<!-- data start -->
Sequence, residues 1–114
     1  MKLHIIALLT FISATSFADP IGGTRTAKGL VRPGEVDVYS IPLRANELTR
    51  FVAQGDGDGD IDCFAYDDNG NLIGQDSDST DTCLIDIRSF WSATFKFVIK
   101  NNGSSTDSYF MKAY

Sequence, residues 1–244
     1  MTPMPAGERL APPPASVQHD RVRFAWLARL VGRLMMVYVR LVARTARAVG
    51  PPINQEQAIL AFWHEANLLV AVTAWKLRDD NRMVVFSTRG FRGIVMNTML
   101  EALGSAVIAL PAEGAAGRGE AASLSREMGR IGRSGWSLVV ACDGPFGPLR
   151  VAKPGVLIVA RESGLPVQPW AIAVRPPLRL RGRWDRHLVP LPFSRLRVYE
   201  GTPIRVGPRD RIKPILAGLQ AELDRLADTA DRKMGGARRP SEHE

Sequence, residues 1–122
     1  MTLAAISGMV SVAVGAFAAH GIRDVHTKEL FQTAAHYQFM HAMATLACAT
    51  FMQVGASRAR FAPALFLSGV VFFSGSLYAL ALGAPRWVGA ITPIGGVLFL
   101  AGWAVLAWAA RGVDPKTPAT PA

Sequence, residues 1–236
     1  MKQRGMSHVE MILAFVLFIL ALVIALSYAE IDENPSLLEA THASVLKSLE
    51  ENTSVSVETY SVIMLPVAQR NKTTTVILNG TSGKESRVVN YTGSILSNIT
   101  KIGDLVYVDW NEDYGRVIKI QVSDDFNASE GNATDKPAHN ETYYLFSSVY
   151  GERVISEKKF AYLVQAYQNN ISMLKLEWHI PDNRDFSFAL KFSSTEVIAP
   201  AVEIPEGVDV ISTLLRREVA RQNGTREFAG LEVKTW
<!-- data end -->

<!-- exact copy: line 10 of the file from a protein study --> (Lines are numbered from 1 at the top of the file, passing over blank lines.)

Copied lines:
   201  GTPIRVGPRD RIKPILAGLQ AELDRLADTA DRKMGGARRP SEHE